However, my husband and I are intentionally not participating in organized religion at this time and I have had some of the same struggles you’ve mentioned for my own son.

  3. By on February 18, 2011

    My husband is a Wellness Director at a fitness facility within a retirement community. Our 4 children have grown up visiting older adults. They attend exercise classes with them, they enjoy lunch and special occassions with them. Retirement communities are a great way to introduce kids to older adults. Many older adults live in these communities and rarely get visitors. Stop into a local retirement community and talk to the staff about visiting. Most communities have special gathering times at which they would love to have a child visit.
    I agree with you that our children are missing out by not having older adults in their life - they have so much to offer.

  4. By Momiss on February 18, 2011

    You go, girl!  Child care centers should be situated next to old people’s homes, with nice yards and some dogs in between.  We have gotten so far away from the basics in this world today. :( Way to get real.

  5. By Lindsay on February 18, 2011

    I was lucky enough to grow up with my grandmother as one of my best friends as well as my great-grandfather. My grandmother passed away in 2009 at the age of 90 and my great-grandfather passed away in 2005 at the age of 97. The two of them both (maternal grandma, paternal great-grandpa) spent my childhood in swimming pools, at recitals, playing all kinds of silly games with me. I used to beg my mom “please let me sleep at my grandma’s house!“ when the other kids in the neighborhood were having a sleepover. My grandma was so full of fun! And when my great-grandpa took me to his community’s Bingo games?! So much fun! My sister is 11 years younger than I am so my grandmother had developed Alzheimer’s and my great-grandfather became ill during her childhood. Still, we used to always visit my grandmother in her assisted living facility and OH, how the elderly LOVED to play with my baby sister. She loved them, too! She’d go to painting, arts and crafts, singing and showtimes with them. They’d all fight over who got to play with her or sit with her or paint with her and it always so, so much fun. My little sister loved it as much as they did!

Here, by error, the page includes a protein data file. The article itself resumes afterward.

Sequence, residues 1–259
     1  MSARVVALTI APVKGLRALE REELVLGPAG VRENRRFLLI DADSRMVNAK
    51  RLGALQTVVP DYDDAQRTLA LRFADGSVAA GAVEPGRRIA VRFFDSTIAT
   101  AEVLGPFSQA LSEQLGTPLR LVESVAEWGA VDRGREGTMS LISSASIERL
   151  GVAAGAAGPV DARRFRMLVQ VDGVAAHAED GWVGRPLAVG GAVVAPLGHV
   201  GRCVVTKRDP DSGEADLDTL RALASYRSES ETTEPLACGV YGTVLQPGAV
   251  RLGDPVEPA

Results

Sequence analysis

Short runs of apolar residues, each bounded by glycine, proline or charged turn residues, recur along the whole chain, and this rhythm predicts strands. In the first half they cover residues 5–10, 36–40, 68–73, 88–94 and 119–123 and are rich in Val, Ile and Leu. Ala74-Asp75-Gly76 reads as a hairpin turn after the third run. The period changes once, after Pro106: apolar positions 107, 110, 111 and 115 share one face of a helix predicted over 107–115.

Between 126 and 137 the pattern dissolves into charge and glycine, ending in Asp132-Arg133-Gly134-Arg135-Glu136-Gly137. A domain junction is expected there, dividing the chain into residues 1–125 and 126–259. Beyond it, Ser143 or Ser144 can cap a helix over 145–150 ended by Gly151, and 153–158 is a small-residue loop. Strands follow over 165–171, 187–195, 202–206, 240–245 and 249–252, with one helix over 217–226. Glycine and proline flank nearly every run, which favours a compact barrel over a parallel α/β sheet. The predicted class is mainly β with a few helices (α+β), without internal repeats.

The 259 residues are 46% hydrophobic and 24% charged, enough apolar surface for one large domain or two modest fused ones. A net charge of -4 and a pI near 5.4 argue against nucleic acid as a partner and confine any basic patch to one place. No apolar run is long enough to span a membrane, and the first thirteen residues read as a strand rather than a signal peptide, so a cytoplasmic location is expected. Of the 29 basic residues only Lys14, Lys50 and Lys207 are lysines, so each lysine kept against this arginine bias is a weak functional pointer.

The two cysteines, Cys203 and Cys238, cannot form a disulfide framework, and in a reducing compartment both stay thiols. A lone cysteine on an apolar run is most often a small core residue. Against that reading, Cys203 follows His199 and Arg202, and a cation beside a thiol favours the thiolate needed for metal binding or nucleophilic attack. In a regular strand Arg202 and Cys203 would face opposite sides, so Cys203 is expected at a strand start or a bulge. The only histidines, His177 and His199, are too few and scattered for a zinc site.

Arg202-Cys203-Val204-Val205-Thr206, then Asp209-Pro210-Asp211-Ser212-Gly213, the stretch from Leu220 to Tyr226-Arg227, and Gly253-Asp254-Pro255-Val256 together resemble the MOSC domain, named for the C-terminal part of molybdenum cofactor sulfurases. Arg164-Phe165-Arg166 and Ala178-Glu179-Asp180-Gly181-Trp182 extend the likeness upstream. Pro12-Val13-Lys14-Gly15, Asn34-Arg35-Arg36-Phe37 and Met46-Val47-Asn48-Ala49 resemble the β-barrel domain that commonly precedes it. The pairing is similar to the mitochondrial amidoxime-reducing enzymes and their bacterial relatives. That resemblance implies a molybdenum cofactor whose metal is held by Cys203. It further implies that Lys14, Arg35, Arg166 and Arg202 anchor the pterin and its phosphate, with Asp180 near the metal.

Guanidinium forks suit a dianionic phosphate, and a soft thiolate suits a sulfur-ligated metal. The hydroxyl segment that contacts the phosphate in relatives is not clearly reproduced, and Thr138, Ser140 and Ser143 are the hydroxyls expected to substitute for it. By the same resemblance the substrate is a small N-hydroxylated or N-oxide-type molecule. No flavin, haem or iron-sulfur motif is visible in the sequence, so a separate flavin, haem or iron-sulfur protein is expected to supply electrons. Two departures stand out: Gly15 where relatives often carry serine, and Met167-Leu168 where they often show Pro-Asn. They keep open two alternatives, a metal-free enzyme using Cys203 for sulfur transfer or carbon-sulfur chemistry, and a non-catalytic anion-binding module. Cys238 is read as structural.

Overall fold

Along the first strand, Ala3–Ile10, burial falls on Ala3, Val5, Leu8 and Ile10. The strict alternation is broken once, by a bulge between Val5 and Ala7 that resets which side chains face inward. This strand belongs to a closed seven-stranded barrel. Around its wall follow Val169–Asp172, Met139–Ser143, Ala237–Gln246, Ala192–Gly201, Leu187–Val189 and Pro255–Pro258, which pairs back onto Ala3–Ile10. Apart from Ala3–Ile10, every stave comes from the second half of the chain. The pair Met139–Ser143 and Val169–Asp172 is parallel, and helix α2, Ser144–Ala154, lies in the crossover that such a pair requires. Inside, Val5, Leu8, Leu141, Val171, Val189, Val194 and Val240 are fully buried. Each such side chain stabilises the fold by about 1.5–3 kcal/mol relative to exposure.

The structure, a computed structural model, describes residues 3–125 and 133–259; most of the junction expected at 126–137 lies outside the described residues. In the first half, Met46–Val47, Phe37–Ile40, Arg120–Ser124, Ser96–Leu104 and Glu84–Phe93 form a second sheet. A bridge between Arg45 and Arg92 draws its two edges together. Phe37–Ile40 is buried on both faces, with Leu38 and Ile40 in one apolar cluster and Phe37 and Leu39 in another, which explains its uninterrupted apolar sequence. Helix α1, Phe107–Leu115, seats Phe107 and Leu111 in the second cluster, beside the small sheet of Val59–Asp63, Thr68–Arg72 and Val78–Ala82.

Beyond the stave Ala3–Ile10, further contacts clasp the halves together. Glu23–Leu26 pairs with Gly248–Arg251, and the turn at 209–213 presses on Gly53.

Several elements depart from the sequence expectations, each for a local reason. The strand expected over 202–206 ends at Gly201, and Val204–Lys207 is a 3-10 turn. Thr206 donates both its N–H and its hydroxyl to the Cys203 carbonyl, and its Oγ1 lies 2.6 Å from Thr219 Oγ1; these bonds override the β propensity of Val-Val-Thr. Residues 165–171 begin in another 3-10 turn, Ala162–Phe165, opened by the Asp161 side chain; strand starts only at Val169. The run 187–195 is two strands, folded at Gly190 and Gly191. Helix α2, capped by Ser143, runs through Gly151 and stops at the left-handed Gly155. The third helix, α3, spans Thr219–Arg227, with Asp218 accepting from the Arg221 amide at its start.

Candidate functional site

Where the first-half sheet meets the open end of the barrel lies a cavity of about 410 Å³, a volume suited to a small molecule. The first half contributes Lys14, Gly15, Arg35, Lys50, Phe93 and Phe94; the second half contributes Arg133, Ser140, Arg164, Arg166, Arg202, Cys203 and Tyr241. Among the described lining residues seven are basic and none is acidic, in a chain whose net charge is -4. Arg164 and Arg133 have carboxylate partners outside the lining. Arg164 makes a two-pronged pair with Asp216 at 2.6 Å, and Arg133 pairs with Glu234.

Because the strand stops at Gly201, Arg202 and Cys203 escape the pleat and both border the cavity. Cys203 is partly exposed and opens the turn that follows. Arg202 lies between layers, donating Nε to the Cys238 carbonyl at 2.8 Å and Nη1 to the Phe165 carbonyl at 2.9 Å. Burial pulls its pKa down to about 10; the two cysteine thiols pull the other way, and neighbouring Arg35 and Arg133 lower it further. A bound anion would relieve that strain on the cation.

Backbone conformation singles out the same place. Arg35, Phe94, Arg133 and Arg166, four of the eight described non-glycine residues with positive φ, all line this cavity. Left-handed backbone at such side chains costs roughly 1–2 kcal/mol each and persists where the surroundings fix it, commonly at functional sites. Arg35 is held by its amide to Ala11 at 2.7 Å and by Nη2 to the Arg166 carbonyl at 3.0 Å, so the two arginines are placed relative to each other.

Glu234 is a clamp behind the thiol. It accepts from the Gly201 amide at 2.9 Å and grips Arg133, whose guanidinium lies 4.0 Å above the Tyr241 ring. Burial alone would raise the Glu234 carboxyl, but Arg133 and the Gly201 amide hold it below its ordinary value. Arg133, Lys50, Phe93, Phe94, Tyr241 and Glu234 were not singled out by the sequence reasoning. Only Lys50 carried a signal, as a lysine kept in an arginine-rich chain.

I was wondering this same thing, as my baby-to-be (I’m 5 months along) will have my parents who are 52 and 53 years old—but no one “elderly.“ My husband does have a living grandmother, but she is very, very ill and at this time we’re not even sure if she will be here to see when our baby arrives. :(

  6. By on February 18, 2011

    I’m actually constantly surprised where I live at the number of grandparents at storytimes and children’s museums.

    I’m fortunate enough to live seconds from MY grandmother - jude’s GREAT grandmother and just a few more steps away from his GREAT, GREAT grandmother! Jude is lucky enough to send atleast one day a week with his G G-mom and is unfortunate enough to have lost his G G-pop not too lo g ago whom he was very Close to and also saw regularly.

    If you’re really looking for ways to get your daughter around older people more regularly, volunteer at a nursing home or retirement center. Jude’s GG G-mom lives in one and all the old people swoon when we walk in the door. I think it’s safe to safe that they undoubtedly want to be around small children, especially when their own don’t come around as often as they’d like.

    Or, you could move to florida. I hear they have plenty down there.

  7. By on February 18, 2011

    I so wholeheartedly agree with this!  It seems like in most societies around the world, the various generations are not nearly so segregated as they are in ours.  I think everyone benefits when the older generation is involved directly in child care.

  8. By Bethany on February 18, 2011

    My husbands grandfather is in an alzheimers care unit. We bring Olivia to see him very frequently because we have found that not only Pops (as we call him) interacts with Olivia so well…but so do the other patients. & Olivia loves all of the attention ;)

  9. By Sarah on February 18, 2011